datasheets.com EBN.com EDN.com EETimes.com Embedded.com PlanetAnalog.com TechOnline.com   UBM Tech
UBM Tech

Specifying a Transformer: Why does 50Hz make such a difference?

-April 23, 2009

I was recently contacted by Steve Ensign, a design engineer at Ensign Corporation,  designers and manufacturers of transformers and power supplies.  Steve wanted to point out the importance of specifying initially if your system will need to run at 50Hz in addition to 60Hz.  The decision to include or exclude 50Hz capability impacts the transformer’s performance as well as its cost, and can also affect the operating safety margin.

Magnetic flux lines from WikipediaBack in high school physics we observed magnetic flux lines traced by iron filings in a magnetic field. Says Steve, “An energized transformer is an electromagnet and therefore creates similar magnetic flux line patterns.  When dealing with flux lines and transformers, two laws of physics are particularly significant:

1) Each magnetic material which could be used in a transformer’s core has a limit on how many flux lines it can handle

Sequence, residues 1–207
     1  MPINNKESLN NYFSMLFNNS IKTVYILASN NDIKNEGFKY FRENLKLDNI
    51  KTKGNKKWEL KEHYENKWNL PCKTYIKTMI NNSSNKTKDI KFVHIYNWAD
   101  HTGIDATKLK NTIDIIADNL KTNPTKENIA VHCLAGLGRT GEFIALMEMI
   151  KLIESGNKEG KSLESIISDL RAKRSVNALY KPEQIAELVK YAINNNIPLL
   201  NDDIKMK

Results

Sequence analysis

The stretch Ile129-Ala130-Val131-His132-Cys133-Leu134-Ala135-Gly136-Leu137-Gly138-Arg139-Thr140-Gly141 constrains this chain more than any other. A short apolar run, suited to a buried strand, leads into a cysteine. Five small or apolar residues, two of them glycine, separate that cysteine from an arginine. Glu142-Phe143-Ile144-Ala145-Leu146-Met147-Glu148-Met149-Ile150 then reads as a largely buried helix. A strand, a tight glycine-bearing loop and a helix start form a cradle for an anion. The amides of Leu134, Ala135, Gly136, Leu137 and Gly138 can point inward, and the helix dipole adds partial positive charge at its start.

2) The lower the operating frequency the more flux lines that are generated. Operating a transformer at 50Hz generates 20% more flux lines than at 60Hz. As the number of flux lines approaches the magnetic material’s limit, the heat in both the transformer’s core and its coil wires increases, and under certain circumstances, unpredictably so. This can result in a transformer that exceeds safe temperature levels. Therefore, a transformer designed to run at 50Hz will simply run cooler at 60Hz. But one designed only for 60Hz may overheat if subjected to 50Hz.

“In order to accommodate 50Hz operation, the transformer must employ a magnetic core material that can handle the added flux lines. Such materials are readily available, but they are significantly more costly than the "normal" core materials. Using such high-grade core materials when they are not required results in transformers that are over-designed  and probably overpriced.

“So, if a transformer will ever see 50Hz (for the European, South American, UK, Japanese, or other markets), the capability to do so must be designed in from the beginning. But if it will not see 50Hz, there is no sense in adding the unnecessary cost.”

Loading comments...

Write a Comment

To comment please Log In

FEATURED RESOURCES